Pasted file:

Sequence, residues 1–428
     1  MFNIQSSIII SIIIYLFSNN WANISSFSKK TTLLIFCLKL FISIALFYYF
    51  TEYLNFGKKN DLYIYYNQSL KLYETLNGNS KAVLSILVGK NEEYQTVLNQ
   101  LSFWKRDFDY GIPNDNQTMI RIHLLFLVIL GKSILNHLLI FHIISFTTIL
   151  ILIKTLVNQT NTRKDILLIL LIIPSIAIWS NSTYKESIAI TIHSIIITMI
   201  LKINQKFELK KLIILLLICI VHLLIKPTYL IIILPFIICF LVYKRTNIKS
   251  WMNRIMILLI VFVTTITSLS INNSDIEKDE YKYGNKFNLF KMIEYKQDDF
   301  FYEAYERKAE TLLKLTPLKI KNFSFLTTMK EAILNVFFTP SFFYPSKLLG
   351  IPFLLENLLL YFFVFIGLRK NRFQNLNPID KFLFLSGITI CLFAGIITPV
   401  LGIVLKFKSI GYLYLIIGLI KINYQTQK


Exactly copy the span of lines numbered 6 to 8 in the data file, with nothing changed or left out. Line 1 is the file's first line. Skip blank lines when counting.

   201  LKINQKFELK KLIILLLICI VHLLIKPTYL IIILPFIICF LVYKRTNIKS
   251  WMNRIMILLI VFVTTITSLS INNSDIEKDE YKYGNKFNLF KMIEYKQDDF
   301  FYEAYERKAE TLLKLTPLKI KNFSFLTTMK EAILNVFFTP SFFYPSKLLG